Updated: April 9, 2019
In response to a question by AAJA National President Michelle Ye Hee Lee on a recent reporting trip to South Korea about the treatment of a South Korean journalist, South Korean National Assembly Speaker Moon Hee-Sang stated that the treatment was “wrong.” Mr. Moon mentioned that the journalist had written about him previously, and that he had not disagreed with or confronted her about it. He stated that a free press “is the foundation of democracy,” and that the reporter was simply doing her job.
Michelle was reporting from South Korea as a part of the Atlantic Council Korea Journalist Fellowship Program, sponsored by the Atlantic Council, a nonpartisan think tank in Washington, D.C., in partnership with the Korea Foundation.
For Mr. Moon’s entire response, please read here.
Updated: March 21, 12:45pm PT
After the statements released by AAJA, AAJA-Asia and the Seoul Foreign Correspondents’ Club (SFCC) raising concerns about the treatment of the Seoul-based reporter, the South Korean ruling party walked back its previous attacks and apologized to members of the foreign press “if it caused misunderstanding.” After days of silence, the South Korean presidential Blue House issued a statement denouncing the attacks on the press.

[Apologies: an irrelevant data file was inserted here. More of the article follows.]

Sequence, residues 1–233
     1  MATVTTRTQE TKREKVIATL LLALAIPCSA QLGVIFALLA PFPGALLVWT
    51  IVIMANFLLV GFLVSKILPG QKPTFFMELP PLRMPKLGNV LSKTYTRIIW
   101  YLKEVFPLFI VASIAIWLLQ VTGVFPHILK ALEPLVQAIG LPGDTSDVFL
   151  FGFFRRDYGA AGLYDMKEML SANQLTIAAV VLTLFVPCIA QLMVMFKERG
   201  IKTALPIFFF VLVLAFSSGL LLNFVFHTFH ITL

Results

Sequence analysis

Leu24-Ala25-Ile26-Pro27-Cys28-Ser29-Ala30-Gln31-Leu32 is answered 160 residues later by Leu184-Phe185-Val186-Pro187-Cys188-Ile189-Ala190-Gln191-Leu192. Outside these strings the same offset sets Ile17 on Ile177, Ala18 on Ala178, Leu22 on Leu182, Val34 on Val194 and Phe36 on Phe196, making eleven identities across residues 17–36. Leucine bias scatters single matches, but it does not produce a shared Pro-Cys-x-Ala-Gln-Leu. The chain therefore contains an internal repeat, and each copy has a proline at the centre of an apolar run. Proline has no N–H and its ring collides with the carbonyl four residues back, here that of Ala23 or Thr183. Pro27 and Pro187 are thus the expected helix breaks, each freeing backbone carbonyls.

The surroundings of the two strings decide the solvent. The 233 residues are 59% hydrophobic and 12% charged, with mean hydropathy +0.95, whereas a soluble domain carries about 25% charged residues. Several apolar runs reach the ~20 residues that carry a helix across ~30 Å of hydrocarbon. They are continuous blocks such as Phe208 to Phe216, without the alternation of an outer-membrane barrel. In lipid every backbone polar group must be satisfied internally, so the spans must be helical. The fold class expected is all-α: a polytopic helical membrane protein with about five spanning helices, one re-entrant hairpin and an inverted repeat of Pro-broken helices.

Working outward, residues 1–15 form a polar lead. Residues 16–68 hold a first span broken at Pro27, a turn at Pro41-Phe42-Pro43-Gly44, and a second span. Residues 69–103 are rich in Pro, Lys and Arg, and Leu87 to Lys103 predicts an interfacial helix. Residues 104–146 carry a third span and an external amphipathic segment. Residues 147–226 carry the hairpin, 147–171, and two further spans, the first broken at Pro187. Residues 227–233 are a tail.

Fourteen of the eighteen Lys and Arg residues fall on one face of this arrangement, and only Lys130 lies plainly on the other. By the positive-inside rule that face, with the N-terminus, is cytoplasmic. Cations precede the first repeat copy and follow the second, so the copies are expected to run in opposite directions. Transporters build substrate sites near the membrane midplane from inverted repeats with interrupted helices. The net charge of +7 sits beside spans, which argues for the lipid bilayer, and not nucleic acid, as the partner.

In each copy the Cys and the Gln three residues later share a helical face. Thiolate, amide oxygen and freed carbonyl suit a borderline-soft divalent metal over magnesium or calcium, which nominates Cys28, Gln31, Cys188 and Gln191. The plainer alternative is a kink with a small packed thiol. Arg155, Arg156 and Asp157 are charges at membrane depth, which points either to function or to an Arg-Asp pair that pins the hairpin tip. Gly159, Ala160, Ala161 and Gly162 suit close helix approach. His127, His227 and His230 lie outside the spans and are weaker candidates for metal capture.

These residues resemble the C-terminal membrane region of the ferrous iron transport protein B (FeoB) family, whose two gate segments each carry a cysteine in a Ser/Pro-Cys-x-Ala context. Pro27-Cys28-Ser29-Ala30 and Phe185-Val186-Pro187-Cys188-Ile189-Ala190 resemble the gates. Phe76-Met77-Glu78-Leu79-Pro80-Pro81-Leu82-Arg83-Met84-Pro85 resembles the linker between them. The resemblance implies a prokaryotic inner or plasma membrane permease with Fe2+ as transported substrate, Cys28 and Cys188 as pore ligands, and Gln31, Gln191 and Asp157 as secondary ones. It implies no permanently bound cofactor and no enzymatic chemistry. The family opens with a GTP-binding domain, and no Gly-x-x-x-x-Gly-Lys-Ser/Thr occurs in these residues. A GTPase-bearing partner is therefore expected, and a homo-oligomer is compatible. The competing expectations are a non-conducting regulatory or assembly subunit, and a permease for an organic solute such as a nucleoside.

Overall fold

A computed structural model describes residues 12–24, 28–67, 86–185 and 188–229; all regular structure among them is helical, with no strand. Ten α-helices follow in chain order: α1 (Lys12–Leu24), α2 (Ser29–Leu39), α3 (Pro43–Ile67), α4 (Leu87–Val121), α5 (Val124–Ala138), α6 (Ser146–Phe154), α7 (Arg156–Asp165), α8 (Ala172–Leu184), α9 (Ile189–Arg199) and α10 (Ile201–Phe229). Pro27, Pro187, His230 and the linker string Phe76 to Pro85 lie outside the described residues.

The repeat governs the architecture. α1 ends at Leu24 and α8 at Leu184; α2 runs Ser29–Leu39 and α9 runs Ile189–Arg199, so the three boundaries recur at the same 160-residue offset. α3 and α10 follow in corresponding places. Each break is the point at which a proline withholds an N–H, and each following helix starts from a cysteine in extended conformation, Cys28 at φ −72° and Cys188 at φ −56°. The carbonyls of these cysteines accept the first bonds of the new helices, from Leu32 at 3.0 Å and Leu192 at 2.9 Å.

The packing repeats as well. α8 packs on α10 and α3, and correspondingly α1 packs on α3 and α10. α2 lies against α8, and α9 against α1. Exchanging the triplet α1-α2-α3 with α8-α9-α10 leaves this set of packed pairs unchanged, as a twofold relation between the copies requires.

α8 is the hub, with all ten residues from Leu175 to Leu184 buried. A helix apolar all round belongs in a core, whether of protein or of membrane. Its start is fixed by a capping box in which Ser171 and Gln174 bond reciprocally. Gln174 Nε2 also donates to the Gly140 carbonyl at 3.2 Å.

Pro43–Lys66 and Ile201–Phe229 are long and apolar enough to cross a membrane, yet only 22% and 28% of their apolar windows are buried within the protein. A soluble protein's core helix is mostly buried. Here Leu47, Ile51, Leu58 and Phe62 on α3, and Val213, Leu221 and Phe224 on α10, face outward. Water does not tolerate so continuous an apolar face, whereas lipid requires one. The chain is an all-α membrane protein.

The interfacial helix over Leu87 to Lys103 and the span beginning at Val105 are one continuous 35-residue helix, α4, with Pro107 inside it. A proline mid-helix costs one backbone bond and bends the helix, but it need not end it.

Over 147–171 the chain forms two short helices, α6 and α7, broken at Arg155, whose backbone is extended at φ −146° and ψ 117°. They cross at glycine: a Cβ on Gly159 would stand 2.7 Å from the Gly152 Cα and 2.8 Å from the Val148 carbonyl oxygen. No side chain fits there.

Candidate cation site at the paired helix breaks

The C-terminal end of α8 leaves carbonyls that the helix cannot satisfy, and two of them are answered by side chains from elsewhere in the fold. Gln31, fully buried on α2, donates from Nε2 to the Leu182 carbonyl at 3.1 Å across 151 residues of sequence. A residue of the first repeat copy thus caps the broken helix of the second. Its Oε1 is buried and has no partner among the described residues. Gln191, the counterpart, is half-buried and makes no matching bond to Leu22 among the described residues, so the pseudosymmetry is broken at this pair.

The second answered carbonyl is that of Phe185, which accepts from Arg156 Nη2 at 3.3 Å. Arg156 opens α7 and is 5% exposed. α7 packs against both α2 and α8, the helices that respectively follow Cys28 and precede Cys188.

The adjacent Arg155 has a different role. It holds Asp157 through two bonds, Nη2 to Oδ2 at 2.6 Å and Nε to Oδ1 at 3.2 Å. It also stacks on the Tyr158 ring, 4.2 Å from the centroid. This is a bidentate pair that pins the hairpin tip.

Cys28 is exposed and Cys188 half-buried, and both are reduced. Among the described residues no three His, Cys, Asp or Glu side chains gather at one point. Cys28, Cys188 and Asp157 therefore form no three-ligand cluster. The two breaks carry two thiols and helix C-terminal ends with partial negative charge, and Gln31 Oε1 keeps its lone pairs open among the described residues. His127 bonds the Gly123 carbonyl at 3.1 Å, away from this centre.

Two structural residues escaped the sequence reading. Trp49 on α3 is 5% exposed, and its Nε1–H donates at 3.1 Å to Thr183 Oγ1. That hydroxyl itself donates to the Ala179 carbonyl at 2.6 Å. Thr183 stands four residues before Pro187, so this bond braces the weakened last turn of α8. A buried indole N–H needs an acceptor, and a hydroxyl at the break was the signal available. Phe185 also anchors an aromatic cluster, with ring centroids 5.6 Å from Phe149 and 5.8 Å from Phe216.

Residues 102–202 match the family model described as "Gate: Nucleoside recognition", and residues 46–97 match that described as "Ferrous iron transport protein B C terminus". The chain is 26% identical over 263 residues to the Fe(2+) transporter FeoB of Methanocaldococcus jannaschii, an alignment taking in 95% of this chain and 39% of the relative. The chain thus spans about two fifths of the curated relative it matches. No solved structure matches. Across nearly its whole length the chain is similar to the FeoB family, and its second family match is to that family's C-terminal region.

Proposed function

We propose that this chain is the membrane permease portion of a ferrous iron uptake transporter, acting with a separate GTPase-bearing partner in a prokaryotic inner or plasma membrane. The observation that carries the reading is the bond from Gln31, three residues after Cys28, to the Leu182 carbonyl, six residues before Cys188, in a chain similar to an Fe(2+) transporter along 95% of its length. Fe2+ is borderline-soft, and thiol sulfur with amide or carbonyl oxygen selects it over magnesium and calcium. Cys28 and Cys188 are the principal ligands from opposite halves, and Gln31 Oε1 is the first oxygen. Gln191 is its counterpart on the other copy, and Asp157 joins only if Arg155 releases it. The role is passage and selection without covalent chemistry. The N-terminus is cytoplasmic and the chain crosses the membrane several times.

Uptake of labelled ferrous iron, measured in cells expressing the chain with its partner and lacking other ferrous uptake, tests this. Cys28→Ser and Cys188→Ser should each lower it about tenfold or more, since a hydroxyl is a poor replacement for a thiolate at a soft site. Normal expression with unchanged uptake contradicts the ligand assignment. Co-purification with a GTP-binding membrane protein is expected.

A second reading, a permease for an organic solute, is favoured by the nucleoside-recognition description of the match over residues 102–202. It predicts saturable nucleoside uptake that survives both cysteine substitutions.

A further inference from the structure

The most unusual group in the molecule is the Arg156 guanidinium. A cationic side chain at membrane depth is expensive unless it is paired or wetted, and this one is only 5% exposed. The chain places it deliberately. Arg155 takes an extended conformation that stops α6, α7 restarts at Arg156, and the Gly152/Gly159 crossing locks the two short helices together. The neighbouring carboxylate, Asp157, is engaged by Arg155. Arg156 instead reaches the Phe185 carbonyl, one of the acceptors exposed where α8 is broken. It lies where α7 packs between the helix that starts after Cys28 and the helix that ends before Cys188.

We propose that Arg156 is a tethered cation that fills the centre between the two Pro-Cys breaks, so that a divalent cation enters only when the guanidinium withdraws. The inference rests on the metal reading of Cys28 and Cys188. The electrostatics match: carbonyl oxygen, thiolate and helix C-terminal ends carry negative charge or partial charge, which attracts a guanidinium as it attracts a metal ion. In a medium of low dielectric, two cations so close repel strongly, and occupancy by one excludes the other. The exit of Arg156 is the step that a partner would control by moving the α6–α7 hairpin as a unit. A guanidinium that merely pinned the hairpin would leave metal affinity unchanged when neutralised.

“We cannot accept any circumstances where a reporter’s personal safety is threatened, and we believe this should never happen in any situation,” the statement read. “If a reporter is under real threat, we regard it very seriously and will take an appropriate countermeasure.”
South Korean newspapers, television stations and wire services drew attention to the statements released by AAJA, AAJA-Asia and the SFCC.
Original: March 18, 6:00pm PT
The Asian American Journalists Association (AAJA) joins its members across Asia and elsewhere to express deep concerns about the treatment of a South Korean journalist whose safety is under threat simply for doing her job. That she is being targeted by members of the South Korean government is also troubling.
Threatening or intimidating journalists is unacceptable. Such activities have a chilling effect and undermine the freedom of the press for all journalists working in Korea.
We believe in a strong and vigorous free press, not only in the United States but around the globe. AAJA is committed to diversity and inclusion in the news industry, including the crucial role of local journalists reporting for foreign outlets, and supports members in Asia who are contributing in that capacity.
Journalists around the world should be able to work without fear of physical threat, especially in a country like South Korea that espouses democratic values and understands deeply the value of a free press.
– AAJA Governing Board
For more, please read AAJA-Asia’s statement.